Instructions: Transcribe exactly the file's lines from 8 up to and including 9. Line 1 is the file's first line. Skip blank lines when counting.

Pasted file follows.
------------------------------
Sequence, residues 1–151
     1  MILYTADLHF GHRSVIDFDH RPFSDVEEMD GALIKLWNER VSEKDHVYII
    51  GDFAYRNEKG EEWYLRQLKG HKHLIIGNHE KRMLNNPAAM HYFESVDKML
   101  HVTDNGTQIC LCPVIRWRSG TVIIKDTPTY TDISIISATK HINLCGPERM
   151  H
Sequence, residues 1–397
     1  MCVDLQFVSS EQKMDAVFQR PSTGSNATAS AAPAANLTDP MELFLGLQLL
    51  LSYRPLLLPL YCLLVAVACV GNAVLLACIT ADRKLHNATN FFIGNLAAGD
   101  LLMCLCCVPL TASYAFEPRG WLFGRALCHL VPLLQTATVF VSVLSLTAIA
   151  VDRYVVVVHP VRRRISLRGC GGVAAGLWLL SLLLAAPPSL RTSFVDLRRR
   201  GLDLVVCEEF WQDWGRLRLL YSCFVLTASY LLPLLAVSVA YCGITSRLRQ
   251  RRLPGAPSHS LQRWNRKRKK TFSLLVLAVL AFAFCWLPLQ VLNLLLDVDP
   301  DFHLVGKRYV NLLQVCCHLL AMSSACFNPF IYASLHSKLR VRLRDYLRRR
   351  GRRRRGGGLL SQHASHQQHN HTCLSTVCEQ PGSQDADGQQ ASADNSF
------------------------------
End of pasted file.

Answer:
    51  LSYRPLLLPL YCLLVAVACV GNAVLLACIT ADRKLHNATN FFIGNLAAGD
   101  LLMCLCCVPL TASYAFEPRG WLFGRALCHL VPLLQTATVF VSVLSLTAIA